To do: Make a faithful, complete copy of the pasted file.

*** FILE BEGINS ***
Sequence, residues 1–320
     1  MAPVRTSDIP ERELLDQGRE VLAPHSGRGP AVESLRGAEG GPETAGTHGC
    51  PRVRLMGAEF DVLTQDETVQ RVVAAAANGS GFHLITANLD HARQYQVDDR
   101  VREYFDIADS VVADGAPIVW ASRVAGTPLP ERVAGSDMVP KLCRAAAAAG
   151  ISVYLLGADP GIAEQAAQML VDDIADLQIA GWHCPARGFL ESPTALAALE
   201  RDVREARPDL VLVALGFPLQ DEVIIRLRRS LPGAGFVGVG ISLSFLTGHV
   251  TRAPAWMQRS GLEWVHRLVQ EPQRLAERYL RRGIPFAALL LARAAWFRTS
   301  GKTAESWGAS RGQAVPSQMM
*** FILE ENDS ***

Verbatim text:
Sequence, residues 1–320
     1  MAPVRTSDIP ERELLDQGRE VLAPHSGRGP AVESLRGAEG GPETAGTHGC
    51  PRVRLMGAEF DVLTQDETVQ RVVAAAANGS GFHLITANLD HARQYQVDDR
   101  VREYFDIADS VVADGAPIVW ASRVAGTPLP ERVAGSDMVP KLCRAAAAAG
   151  ISVYLLGADP GIAEQAAQML VDDIADLQIA GWHCPARGFL ESPTALAALE
   201  RDVREARPDL VLVALGFPLQ DEVIIRLRRS LPGAGFVGVG ISLSFLTGHV
   251  TRAPAWMQRS GLEWVHRLVQ EPQRLAERYL RRGIPFAALL LARAAWFRTS
   301  GKTAESWGAS RGQAVPSQMM